Nana Afua is currently working on A Boy Called Silence with acclaimed writer Sara Collins.
SOPHIE DIXON-DASH, WHY I’M LEAVING NANNYING
‘My book is about nannying, but also about transformation, growth, and self-belief.’
I grew up in London and now live in Birmingham. I have worked as a professional nanny for the past nine years and recently as a part-time trainee editor. I am writing my memoir, Why I’m Leaving Nannying, to shed light on my journey through the nanny field and the lessons I have learned over nine years. I also started a nanny blog, ‘This Nanny Writes’, which seeks to spread the same message and help other nannies. I intend to write other books in time, which I hope will resonate with many people, normalise individual differences and entertain the world. I have a psychology degree and previously worked as a special needs assistant in a primary and nursery school. I have always enjoyed writing short stories and poetry and am passionate about all things to do with understanding individual differences and personal development.
Why I’m Leaving Nannying is a true story about my unsuspecting journey into nanny life; the obstacles and lessons needed to thrive and knowing when to move on. After changing my mind about my educational psychology career, I started nannying in South London, assuming it would be easy (and temporary) while I decided on my next move. I was wrong; before I could move on to something new, I had to work through nanny dilemmas. I embark on a series of adventures, learning lessons along the way like how to write fool-proof contracts, tackle child-rearing differences and behaviour issues, deal with racial discrepancies, excessive attachments, bonding issues and more. I find myself transforming from someone who struggles to get nanny positions to someone in high demand. When my later attempts to change my career proved disastrous, I find ways to utilise the skills I have developed as a nanny and see nannying in a new light. What started as a past-time becomes a phenomenal character-building experience. My book is about nannying, but also about transformation, growth, and self-belief.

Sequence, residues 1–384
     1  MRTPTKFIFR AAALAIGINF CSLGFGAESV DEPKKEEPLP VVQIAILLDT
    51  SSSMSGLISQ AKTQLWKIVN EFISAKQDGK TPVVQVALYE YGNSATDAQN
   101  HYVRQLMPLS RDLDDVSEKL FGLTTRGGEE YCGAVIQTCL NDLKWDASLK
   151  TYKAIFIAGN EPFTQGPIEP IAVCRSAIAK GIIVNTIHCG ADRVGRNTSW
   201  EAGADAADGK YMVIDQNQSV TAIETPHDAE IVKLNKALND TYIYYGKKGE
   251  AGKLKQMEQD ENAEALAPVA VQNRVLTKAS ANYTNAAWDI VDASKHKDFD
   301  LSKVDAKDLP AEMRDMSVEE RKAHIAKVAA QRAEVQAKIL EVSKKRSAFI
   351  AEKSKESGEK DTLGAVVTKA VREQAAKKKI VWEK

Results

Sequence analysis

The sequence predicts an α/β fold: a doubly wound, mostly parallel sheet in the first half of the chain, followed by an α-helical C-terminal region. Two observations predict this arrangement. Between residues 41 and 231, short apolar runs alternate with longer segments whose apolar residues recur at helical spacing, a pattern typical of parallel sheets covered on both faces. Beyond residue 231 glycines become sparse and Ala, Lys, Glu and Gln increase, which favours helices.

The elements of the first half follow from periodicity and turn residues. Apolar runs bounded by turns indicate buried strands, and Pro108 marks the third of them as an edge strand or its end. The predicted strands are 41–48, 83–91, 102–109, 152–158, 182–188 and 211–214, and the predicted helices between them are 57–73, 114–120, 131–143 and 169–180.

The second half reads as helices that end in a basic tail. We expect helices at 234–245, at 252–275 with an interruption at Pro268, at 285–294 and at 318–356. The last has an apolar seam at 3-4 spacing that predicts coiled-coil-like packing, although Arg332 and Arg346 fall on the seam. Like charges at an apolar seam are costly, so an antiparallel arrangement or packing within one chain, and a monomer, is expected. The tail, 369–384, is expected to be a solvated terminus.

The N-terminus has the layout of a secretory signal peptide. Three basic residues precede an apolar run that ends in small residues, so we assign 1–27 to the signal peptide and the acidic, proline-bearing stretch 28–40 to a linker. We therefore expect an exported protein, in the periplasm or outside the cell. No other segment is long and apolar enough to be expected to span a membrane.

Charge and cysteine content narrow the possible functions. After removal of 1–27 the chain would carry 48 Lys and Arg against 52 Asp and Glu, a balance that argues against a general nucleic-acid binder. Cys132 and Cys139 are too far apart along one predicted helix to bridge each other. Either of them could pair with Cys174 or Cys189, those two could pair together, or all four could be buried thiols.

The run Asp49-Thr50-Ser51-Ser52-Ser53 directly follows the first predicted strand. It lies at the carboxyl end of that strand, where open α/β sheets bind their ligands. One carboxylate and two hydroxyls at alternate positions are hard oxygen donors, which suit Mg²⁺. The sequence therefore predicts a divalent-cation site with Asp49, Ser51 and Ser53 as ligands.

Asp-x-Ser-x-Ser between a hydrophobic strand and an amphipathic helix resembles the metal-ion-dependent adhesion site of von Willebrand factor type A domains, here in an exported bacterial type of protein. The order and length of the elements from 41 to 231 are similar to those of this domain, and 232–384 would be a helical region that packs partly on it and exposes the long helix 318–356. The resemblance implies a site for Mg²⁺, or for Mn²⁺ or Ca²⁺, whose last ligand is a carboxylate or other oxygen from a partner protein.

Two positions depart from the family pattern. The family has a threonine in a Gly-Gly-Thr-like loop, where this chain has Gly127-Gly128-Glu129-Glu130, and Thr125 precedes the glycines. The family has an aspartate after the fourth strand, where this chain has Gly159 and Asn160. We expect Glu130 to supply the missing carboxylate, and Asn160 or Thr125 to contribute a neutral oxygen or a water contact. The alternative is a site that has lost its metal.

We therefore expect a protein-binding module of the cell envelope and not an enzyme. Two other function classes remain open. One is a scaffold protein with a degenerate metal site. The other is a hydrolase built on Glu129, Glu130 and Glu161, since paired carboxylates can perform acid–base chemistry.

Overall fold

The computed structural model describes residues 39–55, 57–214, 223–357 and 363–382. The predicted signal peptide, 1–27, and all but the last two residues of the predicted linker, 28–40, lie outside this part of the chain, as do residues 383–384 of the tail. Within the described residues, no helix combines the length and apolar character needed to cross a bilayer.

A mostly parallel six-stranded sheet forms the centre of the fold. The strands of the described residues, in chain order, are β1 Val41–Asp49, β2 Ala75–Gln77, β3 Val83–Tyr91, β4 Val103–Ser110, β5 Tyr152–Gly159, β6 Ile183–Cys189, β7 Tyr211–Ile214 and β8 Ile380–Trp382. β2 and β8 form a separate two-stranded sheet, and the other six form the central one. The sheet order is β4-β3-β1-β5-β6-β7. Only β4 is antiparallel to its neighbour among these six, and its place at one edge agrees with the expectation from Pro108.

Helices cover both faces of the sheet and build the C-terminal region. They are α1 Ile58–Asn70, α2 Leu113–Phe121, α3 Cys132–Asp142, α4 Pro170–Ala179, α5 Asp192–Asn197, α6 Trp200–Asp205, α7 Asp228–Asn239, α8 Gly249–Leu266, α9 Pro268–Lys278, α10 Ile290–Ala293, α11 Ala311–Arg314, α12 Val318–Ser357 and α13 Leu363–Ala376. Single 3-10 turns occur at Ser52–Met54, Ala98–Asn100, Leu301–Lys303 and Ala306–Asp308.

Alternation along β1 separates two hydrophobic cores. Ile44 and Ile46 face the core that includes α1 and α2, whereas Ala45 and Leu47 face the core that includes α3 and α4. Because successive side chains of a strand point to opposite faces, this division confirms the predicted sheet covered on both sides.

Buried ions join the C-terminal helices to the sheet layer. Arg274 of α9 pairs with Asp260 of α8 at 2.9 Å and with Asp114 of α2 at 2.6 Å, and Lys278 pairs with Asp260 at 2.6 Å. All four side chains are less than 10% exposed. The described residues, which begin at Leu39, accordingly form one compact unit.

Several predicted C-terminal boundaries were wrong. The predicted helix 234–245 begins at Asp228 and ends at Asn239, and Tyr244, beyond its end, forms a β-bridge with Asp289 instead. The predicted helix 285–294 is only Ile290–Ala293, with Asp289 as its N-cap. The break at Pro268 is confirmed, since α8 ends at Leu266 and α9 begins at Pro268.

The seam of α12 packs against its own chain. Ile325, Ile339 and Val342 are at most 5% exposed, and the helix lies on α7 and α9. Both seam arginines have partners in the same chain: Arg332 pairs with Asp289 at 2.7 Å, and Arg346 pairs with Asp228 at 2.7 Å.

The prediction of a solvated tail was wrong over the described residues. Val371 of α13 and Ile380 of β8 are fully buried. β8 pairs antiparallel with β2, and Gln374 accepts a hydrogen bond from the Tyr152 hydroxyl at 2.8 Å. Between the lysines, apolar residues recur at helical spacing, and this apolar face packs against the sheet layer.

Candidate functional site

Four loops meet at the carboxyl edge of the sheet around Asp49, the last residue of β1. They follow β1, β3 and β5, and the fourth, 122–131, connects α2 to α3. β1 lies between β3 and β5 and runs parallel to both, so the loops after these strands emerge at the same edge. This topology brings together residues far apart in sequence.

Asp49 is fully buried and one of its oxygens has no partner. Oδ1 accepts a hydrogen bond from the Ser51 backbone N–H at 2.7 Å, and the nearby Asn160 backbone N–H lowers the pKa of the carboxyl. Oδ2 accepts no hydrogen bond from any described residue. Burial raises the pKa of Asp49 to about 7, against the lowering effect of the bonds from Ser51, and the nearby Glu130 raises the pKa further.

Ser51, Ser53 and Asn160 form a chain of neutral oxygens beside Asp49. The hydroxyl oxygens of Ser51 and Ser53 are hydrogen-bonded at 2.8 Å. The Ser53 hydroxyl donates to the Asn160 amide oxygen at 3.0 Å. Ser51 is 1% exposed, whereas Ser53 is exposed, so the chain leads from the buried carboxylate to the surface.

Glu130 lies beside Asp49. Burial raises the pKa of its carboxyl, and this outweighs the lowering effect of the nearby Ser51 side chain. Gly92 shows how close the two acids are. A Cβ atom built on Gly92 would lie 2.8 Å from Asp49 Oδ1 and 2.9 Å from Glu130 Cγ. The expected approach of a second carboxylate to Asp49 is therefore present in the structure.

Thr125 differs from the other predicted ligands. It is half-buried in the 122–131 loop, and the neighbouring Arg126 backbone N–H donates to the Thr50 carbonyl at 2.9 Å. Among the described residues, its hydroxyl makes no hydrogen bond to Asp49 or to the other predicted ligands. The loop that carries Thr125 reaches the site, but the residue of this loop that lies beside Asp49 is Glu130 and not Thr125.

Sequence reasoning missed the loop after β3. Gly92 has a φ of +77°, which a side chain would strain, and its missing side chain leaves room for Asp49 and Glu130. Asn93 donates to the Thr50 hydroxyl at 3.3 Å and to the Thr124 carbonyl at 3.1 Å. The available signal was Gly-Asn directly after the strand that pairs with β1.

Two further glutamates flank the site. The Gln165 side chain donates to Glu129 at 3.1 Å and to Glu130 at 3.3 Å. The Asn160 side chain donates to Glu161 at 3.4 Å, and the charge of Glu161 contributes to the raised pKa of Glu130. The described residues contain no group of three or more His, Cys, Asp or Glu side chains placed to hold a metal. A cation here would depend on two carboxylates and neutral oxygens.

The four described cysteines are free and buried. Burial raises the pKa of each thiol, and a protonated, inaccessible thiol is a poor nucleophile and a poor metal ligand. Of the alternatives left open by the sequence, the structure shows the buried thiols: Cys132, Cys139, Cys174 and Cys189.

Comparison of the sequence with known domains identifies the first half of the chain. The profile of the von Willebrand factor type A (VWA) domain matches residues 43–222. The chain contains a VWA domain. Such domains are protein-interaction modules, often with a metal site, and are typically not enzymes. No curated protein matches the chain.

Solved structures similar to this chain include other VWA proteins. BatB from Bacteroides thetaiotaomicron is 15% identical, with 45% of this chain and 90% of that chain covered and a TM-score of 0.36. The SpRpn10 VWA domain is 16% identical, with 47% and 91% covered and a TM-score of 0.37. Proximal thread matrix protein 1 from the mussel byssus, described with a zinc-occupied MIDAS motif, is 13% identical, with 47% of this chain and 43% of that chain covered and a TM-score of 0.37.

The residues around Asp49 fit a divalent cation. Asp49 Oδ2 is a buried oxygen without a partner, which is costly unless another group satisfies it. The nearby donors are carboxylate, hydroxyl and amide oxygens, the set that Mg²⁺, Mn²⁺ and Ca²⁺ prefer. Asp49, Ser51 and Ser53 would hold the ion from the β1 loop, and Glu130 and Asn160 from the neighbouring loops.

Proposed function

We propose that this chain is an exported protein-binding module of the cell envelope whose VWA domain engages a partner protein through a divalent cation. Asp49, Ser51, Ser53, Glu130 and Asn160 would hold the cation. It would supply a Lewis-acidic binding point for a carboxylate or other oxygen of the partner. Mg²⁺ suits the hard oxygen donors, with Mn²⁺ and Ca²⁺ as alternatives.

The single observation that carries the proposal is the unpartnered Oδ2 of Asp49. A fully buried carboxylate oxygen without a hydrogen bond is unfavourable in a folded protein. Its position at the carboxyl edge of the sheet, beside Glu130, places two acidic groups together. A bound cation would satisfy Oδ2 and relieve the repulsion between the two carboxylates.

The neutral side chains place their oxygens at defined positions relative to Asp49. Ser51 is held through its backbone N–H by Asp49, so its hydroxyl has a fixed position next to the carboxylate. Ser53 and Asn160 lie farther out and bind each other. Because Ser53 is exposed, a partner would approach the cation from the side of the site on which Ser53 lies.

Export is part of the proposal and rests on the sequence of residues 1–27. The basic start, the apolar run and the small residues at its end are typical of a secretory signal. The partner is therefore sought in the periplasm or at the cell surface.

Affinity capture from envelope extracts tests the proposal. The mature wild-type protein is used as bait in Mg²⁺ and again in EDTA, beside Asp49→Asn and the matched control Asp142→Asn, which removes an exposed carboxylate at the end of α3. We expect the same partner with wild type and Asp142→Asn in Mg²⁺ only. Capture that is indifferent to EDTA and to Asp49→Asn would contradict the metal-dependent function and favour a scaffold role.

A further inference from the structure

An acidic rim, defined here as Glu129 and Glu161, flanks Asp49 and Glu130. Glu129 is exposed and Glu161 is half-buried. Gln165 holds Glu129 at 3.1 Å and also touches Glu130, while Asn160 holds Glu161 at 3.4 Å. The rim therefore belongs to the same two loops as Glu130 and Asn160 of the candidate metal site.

Sophie is currently working on Why I’m Leaving Nannying with memoirist Genevieve Fox.
WATCH OUR MEET THE MENTEES VIDEO…
We’re so excited to be working with and supporting these talented writers, alongside the other brilliant writers currently taking part in the Breakthrough Writers’ Programme. If you’re interested in receiving nine months of mentoring from an expert author applications are currently open for the next round of mentoring for writers with low income.
Find out more about the free courses, mentoring and scholarships currently open for applications from under-represented writers…